“He then became a lecturer at LBS and was late every day. I saw students writing a sweepstake on Wensley’s wardrobe; the colour of his jacket, shirt, and tie, and trousers. I decided to go in to see what happened. Once Robin arrived, I had never heard so much laughter, guffawing and enjoyment in a marketing lecture. It reinforced to me how important it was as a teacher to connect with students and make lectures more engaging.

“Robin persuaded me to apply for the Deanship at WBS. As my deputy, Robin was so much fun. He re-enforced the WBS culture with a love for ideas and conversations.

“He had many conversations on the number 11 bus to campus, Robin used it as an auxiliary office. He mentioned multiple conversations with Nick Chater in the psychology department. He was interested in anything and everything, and it was he who pushed to add behavioural science to the capabilities of WBS.

“Robin believed in public value, public good and inclusion and felt they were as important as corporate good. He believed research was not just about finding out the way the world is but the way it ought to be.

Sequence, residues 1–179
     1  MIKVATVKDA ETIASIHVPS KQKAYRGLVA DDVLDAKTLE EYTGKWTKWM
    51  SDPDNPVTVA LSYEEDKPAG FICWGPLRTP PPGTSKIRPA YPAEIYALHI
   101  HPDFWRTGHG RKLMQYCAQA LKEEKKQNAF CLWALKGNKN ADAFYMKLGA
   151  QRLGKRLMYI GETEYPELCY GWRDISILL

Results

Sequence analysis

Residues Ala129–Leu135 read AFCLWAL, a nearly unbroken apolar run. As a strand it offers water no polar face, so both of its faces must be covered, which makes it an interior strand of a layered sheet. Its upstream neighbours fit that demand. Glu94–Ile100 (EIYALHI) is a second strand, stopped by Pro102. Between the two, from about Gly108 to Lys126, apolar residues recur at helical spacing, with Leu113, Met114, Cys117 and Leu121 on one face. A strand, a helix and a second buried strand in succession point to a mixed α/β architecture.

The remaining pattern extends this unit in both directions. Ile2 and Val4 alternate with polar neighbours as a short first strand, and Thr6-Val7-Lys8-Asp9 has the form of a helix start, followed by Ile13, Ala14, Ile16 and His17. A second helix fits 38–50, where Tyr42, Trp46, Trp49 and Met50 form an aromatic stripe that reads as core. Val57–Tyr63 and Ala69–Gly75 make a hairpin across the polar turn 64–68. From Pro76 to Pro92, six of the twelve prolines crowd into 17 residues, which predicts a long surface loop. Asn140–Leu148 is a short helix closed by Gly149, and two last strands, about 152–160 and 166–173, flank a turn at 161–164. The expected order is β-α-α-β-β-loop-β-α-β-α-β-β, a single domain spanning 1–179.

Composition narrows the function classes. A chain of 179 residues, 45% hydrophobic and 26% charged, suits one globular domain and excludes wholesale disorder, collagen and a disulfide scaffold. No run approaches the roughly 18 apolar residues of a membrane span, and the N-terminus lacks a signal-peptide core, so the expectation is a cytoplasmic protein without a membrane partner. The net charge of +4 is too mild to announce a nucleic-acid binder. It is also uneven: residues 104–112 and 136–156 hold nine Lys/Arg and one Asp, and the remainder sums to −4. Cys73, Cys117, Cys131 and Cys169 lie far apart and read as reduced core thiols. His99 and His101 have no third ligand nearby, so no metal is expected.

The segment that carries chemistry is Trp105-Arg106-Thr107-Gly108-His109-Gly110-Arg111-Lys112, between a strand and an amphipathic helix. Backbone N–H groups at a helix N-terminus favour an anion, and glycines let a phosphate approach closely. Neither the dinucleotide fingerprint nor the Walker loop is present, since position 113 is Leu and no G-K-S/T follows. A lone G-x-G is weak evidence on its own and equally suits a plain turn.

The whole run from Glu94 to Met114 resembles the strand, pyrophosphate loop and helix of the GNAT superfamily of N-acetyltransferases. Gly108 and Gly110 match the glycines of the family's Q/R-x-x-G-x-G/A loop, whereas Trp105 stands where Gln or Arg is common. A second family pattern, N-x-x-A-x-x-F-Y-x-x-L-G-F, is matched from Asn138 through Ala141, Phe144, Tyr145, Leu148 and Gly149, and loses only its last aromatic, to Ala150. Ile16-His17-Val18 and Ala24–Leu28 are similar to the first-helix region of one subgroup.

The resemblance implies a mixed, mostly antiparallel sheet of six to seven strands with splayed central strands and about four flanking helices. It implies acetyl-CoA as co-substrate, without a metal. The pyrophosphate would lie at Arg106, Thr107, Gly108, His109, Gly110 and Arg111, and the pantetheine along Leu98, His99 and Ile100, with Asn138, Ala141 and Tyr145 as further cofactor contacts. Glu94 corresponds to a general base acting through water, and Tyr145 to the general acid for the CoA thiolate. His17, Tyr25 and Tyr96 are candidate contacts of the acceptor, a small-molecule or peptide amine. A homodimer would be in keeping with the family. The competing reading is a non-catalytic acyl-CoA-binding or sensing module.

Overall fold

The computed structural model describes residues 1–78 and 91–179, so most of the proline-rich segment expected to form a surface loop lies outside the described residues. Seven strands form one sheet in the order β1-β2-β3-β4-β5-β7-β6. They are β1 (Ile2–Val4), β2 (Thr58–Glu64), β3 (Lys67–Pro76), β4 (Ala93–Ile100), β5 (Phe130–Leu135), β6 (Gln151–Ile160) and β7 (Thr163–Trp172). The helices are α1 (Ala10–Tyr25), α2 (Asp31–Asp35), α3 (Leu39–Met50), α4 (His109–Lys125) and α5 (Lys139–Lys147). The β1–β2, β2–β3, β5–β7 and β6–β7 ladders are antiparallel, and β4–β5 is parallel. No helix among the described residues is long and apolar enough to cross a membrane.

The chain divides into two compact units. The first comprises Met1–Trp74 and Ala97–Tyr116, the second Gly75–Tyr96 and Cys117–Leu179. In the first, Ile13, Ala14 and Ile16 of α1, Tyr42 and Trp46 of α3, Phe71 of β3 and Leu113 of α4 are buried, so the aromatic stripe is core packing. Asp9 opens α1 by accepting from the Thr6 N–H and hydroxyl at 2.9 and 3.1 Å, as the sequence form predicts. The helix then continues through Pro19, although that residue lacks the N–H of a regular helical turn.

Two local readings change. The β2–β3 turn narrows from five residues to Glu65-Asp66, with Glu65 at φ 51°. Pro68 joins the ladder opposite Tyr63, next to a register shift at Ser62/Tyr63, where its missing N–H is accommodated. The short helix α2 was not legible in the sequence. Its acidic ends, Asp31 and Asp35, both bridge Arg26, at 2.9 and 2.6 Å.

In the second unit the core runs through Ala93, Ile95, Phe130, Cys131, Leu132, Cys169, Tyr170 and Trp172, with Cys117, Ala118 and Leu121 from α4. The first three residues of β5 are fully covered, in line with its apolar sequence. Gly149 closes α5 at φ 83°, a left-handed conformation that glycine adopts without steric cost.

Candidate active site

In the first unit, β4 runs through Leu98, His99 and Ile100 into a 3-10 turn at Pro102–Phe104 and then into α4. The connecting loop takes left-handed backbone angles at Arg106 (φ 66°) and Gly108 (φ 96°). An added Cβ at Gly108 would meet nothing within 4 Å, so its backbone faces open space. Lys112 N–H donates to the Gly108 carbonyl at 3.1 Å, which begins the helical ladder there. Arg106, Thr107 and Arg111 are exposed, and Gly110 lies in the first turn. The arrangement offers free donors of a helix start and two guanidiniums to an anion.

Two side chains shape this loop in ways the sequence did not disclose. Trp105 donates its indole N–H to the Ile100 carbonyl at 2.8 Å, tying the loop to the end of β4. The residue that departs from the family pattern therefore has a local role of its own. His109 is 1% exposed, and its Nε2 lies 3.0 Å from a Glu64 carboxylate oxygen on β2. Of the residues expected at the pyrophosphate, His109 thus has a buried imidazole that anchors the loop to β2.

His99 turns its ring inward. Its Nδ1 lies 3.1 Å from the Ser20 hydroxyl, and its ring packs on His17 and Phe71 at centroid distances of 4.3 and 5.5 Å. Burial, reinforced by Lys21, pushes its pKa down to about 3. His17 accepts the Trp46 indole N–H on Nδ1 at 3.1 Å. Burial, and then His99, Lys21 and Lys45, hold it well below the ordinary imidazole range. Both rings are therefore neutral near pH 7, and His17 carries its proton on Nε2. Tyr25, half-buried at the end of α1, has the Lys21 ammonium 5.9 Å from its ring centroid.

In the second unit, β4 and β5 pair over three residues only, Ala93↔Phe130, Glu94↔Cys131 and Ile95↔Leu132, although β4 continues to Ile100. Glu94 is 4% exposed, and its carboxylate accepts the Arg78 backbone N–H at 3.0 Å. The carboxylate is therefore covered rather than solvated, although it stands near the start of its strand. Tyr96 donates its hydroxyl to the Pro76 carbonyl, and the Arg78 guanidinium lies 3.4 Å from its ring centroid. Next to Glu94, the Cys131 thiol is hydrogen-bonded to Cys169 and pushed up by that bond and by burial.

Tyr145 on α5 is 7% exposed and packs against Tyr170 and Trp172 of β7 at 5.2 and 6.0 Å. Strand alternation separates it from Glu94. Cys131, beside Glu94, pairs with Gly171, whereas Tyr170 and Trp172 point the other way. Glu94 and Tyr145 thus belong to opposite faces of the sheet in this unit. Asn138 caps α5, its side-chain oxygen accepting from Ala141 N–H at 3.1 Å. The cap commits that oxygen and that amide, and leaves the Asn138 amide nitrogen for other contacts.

“He was a pioneer in the growth of management education in the UK and a one-off character. His priorities were not focused on status, he genuinely wanted to make a better world. Memories of his values and personality should embolden us to do great things in our family lives as well as our academic lives.”

Happy memories: Robin Wensley was admired and loved by students, staff and academics 

Professor Wensley gained one of the highest profile positions in management research in the UK, when taking over as Director of the Advanced Institute of Management Research (AIM) in 2004, with AIM tasked by the UK Government to improve how business leaders operated to boost productivity and innovation.